A bit complicated, right? To summarize, we must simply understand that these three roles forge toxic relationships, and that depending on the relationship, the situation, we are more or less a rescuer, persecutor or victim. In addition, distrust: the victim's position is sometimes a means of manipulating those around him, as with the perverse narcissistic subject, who does not hesitate to complain to soften his "prey", or say his victim. A literal victim, who, this time, because of his flaws and his need to be saved, attracts the toxic personalities of rescuer and persecutor.
Do you manage to identify, in your entourage, the people in the role of the rescuer, and those who are rather in the role of the "persecutor"? Where do you stand? This triangle allows us to sharpen our thinking and better understand where we are. It’s almost clearer.
The special case of the narcissistic pervert
Narcissistic perverts, also known as "PN", are getting more and more attention. Trend ? No: we meet them everywhere, in our close or professional circle. They are sometimes our friends, our loves, a relative … even if we should not mix everything. It must be borne in mind that a disrespectful, annoying or selfish person does not necessarily enter the "manipulator" or perverse narcissistic box. The narcissistic pervert is, as the name suggests, suffering from a perversion disorder and a narcissistic disorder. In other words, to boost his ego and repair his flaws, he manipulates those around him, his friends or his partner, by blowing hot and cold. The victim is then in control, dependent on this toxic personality. She may well be aware of it but fail to run away, especially in the context of a couple or at work.
The narcissistic pervert, like many toxic personalities, is also the type to put himself forward. He pulls the blanket over to him, places the light on him. It is generally complicated to discuss with him: he tends to make reason heard, that is to say that he is always based on tangible facts, far from all emotions, so that the victim cannot contradict. However, she lives the situation very badly. But she ends up believing that the narcissistic pervert is right, especially since he displays a soft and kind behavior to better "win".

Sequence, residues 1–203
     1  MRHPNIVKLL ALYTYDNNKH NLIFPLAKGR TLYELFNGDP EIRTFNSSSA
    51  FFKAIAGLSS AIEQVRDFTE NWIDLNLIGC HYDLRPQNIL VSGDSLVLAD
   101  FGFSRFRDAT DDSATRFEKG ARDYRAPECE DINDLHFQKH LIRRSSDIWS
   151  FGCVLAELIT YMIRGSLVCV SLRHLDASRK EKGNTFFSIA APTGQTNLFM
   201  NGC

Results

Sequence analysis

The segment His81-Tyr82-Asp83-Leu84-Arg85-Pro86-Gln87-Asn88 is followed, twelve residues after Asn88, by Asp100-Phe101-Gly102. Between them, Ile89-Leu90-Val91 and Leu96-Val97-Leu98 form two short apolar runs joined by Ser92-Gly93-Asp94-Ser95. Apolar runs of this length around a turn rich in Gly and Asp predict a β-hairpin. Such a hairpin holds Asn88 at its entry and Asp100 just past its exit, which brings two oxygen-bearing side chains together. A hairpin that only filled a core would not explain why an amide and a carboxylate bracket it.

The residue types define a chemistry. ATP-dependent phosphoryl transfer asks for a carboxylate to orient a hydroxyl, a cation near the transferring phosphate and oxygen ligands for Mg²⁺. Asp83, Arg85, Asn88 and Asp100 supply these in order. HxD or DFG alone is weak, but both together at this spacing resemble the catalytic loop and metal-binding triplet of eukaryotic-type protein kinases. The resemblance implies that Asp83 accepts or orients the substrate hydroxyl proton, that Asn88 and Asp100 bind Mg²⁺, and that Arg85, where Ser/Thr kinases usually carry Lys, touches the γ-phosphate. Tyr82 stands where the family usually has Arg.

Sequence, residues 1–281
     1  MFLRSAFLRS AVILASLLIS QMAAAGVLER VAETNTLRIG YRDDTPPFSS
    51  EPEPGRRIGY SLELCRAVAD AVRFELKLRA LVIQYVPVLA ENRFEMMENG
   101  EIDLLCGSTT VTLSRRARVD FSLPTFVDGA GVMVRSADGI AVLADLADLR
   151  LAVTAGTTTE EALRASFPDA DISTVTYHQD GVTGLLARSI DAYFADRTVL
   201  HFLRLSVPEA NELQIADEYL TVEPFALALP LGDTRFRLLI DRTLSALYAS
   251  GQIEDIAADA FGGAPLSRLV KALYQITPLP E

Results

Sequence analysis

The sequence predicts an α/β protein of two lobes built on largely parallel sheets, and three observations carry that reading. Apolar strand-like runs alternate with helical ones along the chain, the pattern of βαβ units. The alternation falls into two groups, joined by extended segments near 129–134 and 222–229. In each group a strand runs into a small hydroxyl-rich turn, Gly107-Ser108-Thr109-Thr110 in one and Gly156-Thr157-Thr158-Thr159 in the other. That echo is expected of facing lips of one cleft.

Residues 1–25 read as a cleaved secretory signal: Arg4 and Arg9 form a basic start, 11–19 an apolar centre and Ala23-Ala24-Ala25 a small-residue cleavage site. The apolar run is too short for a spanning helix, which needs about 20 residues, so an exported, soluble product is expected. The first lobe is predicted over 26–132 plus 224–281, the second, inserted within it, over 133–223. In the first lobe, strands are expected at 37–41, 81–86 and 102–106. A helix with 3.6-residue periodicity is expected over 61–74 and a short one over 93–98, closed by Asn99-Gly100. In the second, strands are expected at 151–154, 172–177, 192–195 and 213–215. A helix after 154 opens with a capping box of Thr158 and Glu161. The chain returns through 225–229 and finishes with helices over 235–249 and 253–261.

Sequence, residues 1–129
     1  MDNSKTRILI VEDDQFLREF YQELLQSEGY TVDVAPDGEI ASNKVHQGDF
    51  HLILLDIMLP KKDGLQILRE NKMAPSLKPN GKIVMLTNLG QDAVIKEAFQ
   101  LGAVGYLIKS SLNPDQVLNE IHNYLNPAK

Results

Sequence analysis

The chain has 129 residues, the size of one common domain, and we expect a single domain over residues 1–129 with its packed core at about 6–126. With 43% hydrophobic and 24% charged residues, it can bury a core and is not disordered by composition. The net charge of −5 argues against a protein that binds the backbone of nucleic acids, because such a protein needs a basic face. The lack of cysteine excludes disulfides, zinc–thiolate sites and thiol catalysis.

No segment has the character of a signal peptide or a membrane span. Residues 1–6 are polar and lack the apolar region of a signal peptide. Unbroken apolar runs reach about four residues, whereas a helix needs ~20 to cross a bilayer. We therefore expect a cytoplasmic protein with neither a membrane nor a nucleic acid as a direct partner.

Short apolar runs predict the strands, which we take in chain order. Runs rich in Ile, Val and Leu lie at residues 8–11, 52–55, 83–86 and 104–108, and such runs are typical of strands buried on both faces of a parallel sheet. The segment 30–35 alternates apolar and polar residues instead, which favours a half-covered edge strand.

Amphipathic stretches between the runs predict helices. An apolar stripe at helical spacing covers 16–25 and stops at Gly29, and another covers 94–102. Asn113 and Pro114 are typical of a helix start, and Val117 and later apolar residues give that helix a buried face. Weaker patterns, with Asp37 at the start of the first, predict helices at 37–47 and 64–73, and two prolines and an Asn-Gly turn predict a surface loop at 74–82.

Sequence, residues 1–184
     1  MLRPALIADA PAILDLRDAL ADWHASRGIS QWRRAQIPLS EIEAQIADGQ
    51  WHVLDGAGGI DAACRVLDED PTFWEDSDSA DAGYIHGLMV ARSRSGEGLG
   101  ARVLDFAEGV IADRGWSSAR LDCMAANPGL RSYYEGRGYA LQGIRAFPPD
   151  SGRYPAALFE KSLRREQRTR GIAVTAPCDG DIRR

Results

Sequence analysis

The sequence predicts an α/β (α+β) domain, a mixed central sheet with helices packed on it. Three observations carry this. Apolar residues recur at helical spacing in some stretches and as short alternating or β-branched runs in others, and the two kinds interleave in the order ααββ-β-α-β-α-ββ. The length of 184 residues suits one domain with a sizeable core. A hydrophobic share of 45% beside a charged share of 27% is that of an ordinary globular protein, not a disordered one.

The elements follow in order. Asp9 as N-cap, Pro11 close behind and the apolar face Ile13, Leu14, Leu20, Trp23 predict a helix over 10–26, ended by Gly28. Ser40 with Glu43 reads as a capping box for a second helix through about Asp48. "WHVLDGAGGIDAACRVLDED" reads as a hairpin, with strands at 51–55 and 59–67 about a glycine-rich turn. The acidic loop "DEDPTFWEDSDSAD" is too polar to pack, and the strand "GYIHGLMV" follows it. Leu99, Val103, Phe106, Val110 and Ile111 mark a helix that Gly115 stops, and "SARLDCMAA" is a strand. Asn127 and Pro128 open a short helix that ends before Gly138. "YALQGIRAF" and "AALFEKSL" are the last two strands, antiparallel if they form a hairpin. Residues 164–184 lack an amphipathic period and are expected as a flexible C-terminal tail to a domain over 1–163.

Tips for running away from a toxic personality and getting out of an unhealthy relationship
How to end a toxic relationship? Several points:
- When you think you are having an unhealthy relationship with someone poisonous, start by telling yourself that the most important thing is you. You have to help yourself. Your attention should be on you. Do not point the finger at the risk of remaining entangled in fear, stress or sadness, and tell yourself that there is always a solution or a way to save yourself.
- You can choose to break up by talking to the toxic personality. You explain to her that you no longer wish to see her. The risk is obviously that the person opposite over-reacts and makes you feel guilty. It all depends on his profile. You can therefore, if not, "play dead", as they say. Also question the feeling of guilt it could cause. However, sometimes fleeing without a trace is saving.
- Boost your self-esteem. This advice as old as the world may seem easier said than done. In any case, the toxic personalities nibble on self-esteem: by their side, we feel null, incapable, which continues to position us as a victim in demand, so that the persecutor still has the sockets necessary to manipulate us . You can, to regain self-confidence, consult a specialist, a coach, or read books on this subject, which, over time, will help you!
- Remember that you are not responsible for the lives of others and the happiness of others. Don't make it a personal problem. This principle makes it possible to disengage from the relationship, to no longer feel obliged to provide positive responses to toxic people, always going in their direction.
- Be surrounded. Do not hesitate to find an "ally", a healthy person around you (parents, friends …) who will help you to become aware of the malevolence of the relationship you are having, and of the manipulation of which you are the target. Its status as a "witness", but also as a crutch, will open your eyes when they are tempted to close because the toxic person will trick you into thinking.
Is this person a narcissistic pervert? Take the test!
On the site http://www.perversnarcissique.com/test-pervers-narcissique/, you can test yourself. You will better understand the person you suspect is a perverse narcissistic manipulator.
A little reading to go further:
Free yourself from toxic people, Helen Monnet, ed. Youth
Getting out of the grip and rebuilding yourself – A practical manual to free yourself from manipulation, Julie Arcoulin, ed. The book mail
I stop toxic relationships: 21 days to create healthy and harmonious bonds, by Marion Blique, ed. Eyrolles
Free yourself from the emotional grip: Manipulators, narcissistic perverts, psychopaths … Protect yourself from toxic relationships!, by Sylvie Tenenbaum, ed. Leduc.s
See also: how to react to ghosting?